Wednesday marks the first day of summer in the US, and what's more summery than baseball? Alyson Footer is the Houston Astros senior director of social media. Like so many people, Alyson's dream journey has not been what she originally envisioned. Yet somehow, when she looks at the big picture, she is where she wanted to be all long.
Dreaming Made Simple: How was becoming the Astros Sr. Director of Social Media a dream come true for you?
Alyson Footer: I wouldn’t categorize any particular job I’ve had as a dream come true. Instead, I’d say just working in Major League Baseball was the dream that came true. That’s what I wanted to do since I can remember, and the fact that I was given the opportunity is something I’ll forever be grateful for.
Dreaming Made Simple: What was the process to achieve your dream?
Alyson Footer: I had to start at the bottom, like everyone. I worked as a grad assistant in the Sports Information Office at the University of Cincinnati and then went to the Winter Meetings to try to get a job in baseball. I worked for the Double-A Cleveland Indians in Canton, OH for poverty wages. In between grad school and the baseball job, I stayed on as an intern in the Sports Information Department for a little longer and made, I think, $500 a month. And they didn’t always find it a priority to get me the checks on time.
All of this was worth it to get to Houston.
Dreaming Made Simple: What lessons have you learned along the way?
Alyson Footer: That if you work hard and show you care, you’re going to go a long way. I’ve also learned it takes very little effort to extend help to a coworker or kindness to a fan.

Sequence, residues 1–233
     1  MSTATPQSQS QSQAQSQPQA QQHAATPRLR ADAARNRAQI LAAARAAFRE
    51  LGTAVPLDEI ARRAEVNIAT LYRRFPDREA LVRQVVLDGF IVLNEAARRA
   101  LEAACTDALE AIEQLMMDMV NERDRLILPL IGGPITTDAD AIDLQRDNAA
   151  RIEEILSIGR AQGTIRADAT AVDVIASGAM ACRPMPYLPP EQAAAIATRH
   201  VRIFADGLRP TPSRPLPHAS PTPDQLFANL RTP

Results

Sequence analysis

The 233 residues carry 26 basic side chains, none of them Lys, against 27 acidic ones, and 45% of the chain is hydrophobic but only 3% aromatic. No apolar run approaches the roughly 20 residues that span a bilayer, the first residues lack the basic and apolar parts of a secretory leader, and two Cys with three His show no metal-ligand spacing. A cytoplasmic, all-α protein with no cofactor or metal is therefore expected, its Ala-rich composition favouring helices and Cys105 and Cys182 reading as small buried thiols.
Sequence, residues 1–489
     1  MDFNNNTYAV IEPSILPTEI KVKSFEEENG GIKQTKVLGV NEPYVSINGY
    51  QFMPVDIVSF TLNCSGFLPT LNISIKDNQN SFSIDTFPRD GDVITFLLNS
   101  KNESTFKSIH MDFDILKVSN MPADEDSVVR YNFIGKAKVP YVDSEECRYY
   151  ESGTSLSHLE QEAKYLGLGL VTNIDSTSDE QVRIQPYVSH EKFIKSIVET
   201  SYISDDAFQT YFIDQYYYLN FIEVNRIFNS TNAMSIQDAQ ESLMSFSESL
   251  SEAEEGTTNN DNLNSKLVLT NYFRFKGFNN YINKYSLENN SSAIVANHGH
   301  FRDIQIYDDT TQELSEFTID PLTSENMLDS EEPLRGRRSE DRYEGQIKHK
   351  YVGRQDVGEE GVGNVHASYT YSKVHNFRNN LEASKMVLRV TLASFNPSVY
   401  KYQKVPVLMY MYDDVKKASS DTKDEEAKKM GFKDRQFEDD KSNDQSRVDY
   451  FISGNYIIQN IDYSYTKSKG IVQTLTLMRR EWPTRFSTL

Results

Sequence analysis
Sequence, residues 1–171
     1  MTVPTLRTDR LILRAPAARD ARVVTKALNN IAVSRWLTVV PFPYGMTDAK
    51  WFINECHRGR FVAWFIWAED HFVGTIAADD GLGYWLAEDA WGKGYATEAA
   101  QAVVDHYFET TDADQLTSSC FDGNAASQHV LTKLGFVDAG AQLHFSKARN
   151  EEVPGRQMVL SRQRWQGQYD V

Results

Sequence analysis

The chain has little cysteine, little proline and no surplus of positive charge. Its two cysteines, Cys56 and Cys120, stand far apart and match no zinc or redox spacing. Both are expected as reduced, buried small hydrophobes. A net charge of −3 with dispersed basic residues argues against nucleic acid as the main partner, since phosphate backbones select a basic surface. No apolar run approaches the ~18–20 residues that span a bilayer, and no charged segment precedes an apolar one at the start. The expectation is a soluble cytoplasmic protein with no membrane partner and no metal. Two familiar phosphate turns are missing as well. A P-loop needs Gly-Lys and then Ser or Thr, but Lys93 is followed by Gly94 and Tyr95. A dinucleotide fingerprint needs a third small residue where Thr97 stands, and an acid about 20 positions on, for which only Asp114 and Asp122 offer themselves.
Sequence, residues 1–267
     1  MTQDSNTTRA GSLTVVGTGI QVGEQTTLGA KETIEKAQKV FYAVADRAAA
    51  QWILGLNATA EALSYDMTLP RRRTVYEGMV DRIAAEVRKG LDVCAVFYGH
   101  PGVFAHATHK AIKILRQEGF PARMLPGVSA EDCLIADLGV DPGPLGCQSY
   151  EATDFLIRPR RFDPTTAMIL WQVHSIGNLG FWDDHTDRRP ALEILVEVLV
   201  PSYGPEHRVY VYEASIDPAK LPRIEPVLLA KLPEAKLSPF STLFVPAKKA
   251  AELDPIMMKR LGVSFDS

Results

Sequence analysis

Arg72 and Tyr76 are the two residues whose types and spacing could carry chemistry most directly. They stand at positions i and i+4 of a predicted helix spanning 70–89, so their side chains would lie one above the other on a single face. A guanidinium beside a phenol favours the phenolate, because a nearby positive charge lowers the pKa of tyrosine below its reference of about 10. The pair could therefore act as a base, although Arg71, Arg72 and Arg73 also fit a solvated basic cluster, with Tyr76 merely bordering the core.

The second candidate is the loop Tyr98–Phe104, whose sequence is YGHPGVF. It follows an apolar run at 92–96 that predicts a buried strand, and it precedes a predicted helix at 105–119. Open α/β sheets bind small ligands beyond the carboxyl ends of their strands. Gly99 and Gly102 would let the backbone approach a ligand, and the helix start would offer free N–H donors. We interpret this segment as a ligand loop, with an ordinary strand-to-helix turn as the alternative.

Dreaming Made Simple: In your current capacity you have said you are no longer a news writer. Your job is "to give a behind-the-scenes, fly-on-the-wall perspective." What does that mean, and how do you do it? How do you compliment the beat reporter and go beyond existing coverage to provide unique access to your readers?
Alyson Footer: I’ve tried to stay away from hard news because, if our MLB.com writer is covering news for Astros.com and I’m blogging about the same thing, also on Astros.com, it’s counterproductive. Someone’s time is being wasted. Instead, I try to provide insight, commentary and my own perspective on what’s already out there. I also have access that no one else does in terms of behind the scenes goings on, and I try to bring as much of that to the fans as possible. Baseball is a visual game, and the players are the product. I try to bring the fans closer to them and humanize the team as much as possible. It makes fans feel like they are a part of the process, which they most definitely are.
Dreaming Made Simple: How did you cultivate a relationship of trust with the organization and players so that you could have this access?
Mainly by spending eight years at MLB.com covering them in a fair, objective yet truthful manner. When I took the Social Media job, they told me, "Just do what you’ve been doing. Be fair, be accurate, but don’t gloss things over when there’s nothing to gloss. Tell it like it is." So far, it’s worked out well.
The players know that I’ve been around a long time, and they also know they can trust me. So access isn’t an issue, thankfully. I respect them for the job they have, and they respect mine.
Dreaming Made Simple: Then, just for fun - in addition to being a journalist, you are a hair model ("Best Curls 2010.") What’s the best hair tip you can give the rest of us?
Alyson Footer: Condition, condition, condition!